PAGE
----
It was a good free-agent first step, but nothing more than that. Zack Wheeler, for five years at $23.6 million per year, instantly made the Phillies’ starting rotation better and left the rival New York Mets with a void to fill.
When the Mets went on a spectacular run and played 20 games over .500 after the All-Star break, it was Wheeler who rose up as the team’s second-best starter behind Jacob deGrom, going 5-2 with a 2.83 ERA in his final 12 starts of the season.
But that does not change the fact that Wheeler was a pedestrian pitcher during the first half of the season when the Mets played so poorly that they irreversibly destroyed their playoff hopes. Wheeler, after getting beat up by the Phillies on July 7 at Citi Field, went into the All-Star break with a 4.69 ERA.
Vince Velasquez and Zach Eflin both had lower ERAs at the time. Wheeler, of course, has a lot better track record than both those guys, but he also has a past that included seasons lost to Tommy John surgery in 2015 and 2016.
The Phillies have gambled a sizable chunk of cash and relinquished their second pick in next year’s draft because they believe the best years are still ahead for Wheeler, a 29-year-old right-hander who was drafted by San Francisco with the sixth overall pick in 2009.
Maybe they’re right. Regardless, Wheeler’s signing should be the lesser of the two major moves the Phillies make in an effort to improve the starting pitching. Last offseason, general manager Matt Klentak did nothing in that regard. Now, with the winter meetings just a few days away, he has to do more.
Gerrit Cole and Stephen Strasburg are the pitching grand prizes on this year’s market and it would be disappointing to learn that the Phillies were not in that chase. If managing partner John Middleton wants to play with the big boys, then he needs to be going up against the New York Yankees, Los Angeles Dodgers, and Los Angeles Angels for the services of the two premier pitchers.
Some things, of course, are out of a team’s control. If Strasburg and Cole, a couple of Southern California natives, decide they want to pitch on the West Coast for the next half-dozen years, then there is nothing the Phillies can do about that. But if either of the two elite starters ends up signing with the Yankees simply for more money, then that will be disappointing.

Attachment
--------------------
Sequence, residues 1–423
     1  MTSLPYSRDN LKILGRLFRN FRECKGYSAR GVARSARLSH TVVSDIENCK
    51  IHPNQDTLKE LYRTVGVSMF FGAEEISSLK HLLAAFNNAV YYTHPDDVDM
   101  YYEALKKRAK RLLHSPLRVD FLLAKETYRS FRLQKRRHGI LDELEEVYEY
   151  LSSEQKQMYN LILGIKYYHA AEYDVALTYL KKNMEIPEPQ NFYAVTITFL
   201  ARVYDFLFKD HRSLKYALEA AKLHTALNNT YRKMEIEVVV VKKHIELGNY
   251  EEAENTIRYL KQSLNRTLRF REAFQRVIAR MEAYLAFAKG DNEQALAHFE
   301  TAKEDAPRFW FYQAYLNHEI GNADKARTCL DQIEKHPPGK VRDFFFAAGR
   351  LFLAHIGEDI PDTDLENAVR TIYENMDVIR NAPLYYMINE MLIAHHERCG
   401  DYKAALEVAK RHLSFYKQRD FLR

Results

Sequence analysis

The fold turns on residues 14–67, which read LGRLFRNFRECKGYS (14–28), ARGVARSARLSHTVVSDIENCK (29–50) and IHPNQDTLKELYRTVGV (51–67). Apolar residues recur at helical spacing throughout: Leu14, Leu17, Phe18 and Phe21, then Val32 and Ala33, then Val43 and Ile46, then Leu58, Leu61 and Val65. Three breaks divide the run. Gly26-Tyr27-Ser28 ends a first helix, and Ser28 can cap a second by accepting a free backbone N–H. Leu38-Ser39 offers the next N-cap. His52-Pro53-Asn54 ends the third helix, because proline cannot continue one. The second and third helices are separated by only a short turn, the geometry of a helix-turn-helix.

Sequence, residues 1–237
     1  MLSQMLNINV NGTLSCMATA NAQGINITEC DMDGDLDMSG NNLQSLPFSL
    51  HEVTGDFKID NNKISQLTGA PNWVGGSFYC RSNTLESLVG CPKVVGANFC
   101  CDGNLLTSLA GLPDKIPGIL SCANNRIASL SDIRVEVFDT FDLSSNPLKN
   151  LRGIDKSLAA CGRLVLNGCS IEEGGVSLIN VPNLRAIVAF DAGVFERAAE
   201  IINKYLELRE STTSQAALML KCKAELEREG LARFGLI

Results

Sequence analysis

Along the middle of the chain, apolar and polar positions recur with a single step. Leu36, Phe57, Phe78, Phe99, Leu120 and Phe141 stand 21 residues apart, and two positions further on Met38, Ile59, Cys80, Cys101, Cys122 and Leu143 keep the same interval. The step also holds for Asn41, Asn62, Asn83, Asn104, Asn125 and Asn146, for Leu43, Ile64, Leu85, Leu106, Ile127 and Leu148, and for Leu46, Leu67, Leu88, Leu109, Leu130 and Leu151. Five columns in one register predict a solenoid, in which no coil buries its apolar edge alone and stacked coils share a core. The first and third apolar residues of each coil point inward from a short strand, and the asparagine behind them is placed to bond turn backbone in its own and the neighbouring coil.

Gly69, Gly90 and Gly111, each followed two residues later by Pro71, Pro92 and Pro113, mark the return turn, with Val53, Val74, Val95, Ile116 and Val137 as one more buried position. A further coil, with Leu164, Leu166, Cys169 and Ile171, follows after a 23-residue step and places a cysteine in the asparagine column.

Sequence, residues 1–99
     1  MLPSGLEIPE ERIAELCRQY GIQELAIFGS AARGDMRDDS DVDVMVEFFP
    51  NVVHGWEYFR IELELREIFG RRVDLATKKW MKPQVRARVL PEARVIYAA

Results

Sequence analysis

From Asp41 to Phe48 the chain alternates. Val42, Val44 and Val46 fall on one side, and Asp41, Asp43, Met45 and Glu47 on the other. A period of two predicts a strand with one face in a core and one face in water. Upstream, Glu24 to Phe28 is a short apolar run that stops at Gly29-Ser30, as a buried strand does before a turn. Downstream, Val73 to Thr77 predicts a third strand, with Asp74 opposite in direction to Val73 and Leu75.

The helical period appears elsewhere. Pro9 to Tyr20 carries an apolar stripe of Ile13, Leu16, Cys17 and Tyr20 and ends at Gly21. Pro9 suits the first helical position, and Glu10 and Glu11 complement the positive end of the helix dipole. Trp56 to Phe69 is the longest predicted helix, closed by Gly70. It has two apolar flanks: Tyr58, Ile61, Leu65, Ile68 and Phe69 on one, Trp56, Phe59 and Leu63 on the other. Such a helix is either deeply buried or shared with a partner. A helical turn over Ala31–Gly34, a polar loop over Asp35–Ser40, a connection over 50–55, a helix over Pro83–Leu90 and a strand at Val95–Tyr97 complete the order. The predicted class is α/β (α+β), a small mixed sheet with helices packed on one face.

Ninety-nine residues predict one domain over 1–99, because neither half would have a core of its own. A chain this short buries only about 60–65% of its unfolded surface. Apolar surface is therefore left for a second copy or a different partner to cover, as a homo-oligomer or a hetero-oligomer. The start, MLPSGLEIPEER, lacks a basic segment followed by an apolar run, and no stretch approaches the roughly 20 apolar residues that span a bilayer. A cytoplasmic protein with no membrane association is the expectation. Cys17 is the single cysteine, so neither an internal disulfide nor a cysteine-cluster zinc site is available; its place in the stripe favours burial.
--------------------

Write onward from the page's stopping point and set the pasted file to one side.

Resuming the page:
Remember, the Phillies will likely subtract $25 million from their payroll after next season when Jake Arrieta’s contract expires, so they will have the salary space going forward to pay another premium pitcher.
If the Phillies cannot get Cole or Strasburg, there are other quality arms worth pursuing in this market. The very respectable second tier includes three lefties – Madison Bumgarner, Hyun-Jin Ryu, and Dallas Keuchel -- and it’s no secret that the Phillies have needed a left-hander in the rotation since Cole Hamels’ departure at the 2015 trade deadline.
Hamels, of course, could have filled that void, but he decided Wednesday to accept a one-year deal worth $18 million from the Atlanta Braves. Hamels’ return to Philadelphia would have made for a great story, but the truth is the three lefties still on the market are better fits for the Phillies.
One baseball source indicated that the Phillies are more likely to go after one of the second-tier lefties rather than pursue Cole or Strasburg.
If that’s the case, Bumgarner should be the primary target, although at this point the Phillies have not been tied to the four-time All-Star and former World Series MVP. Bumgarner’s price would likely be the highest among the second-tier pitchers still on the market, but at 30 he’s younger than Ryu (33 in March) and Keuchel (32 on Jan. 1) and he’s the most decorated and the fiercest competitor of the bunch.
If the Phillies settle for someone like Wade Miley to fill their need for a left-handed starter, that would be acceptable only if they also landed a superstar like Anthony Rendon to play third base.